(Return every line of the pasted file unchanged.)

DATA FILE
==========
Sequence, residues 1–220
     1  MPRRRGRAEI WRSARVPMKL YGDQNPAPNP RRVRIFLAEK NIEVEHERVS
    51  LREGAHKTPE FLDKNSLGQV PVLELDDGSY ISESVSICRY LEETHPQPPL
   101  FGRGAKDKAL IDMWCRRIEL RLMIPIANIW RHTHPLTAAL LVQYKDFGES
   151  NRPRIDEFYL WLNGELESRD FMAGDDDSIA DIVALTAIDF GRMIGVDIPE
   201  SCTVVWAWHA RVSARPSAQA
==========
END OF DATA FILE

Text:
Sequence, residues 1–220
     1  MPRRRGRAEI WRSARVPMKL YGDQNPAPNP RRVRIFLAEK NIEVEHERVS
    51  LREGAHKTPE FLDKNSLGQV PVLELDDGSY ISESVSICRY LEETHPQPPL
   101  FGRGAKDKAL IDMWCRRIEL RLMIPIANIW RHTHPLTAAL LVQYKDFGES
   151  NRPRIDEFYL WLNGELESRD FMAGDDDSIA DIVALTAIDF GRMIGVDIPE
   201  SCTVVWAWHA RVSARPSAQA